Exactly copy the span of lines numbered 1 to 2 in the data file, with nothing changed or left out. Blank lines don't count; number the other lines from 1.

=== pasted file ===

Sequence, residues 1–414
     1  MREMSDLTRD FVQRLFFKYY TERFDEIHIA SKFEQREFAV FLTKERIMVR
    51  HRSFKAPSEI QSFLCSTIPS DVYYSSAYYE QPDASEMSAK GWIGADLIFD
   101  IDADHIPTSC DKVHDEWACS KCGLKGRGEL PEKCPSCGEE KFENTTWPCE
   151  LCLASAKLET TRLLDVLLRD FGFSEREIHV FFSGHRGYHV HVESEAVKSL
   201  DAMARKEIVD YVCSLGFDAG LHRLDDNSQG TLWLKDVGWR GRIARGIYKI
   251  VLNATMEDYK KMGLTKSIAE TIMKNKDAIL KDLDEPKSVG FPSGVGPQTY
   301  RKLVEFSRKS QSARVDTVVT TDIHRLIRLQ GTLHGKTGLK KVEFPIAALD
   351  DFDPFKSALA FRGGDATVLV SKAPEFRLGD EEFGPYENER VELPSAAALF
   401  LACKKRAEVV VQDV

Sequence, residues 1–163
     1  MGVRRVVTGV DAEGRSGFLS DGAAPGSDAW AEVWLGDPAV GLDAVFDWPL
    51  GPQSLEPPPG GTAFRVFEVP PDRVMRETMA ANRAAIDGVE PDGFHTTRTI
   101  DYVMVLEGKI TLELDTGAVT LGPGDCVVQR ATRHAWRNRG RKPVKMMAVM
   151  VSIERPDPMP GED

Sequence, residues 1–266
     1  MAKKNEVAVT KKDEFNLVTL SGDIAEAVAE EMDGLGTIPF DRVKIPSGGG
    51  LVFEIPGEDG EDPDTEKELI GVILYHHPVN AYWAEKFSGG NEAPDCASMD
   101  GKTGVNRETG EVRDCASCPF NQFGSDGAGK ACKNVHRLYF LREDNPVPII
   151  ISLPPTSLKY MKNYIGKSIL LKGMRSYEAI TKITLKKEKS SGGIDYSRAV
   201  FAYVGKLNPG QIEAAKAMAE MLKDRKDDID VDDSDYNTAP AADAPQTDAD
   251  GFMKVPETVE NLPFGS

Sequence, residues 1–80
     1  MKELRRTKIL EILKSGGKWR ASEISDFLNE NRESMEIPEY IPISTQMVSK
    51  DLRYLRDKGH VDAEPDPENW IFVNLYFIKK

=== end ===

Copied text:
Sequence, residues 1–414
     1  MREMSDLTRD FVQRLFFKYY TERFDEIHIA SKFEQREFAV FLTKERIMVR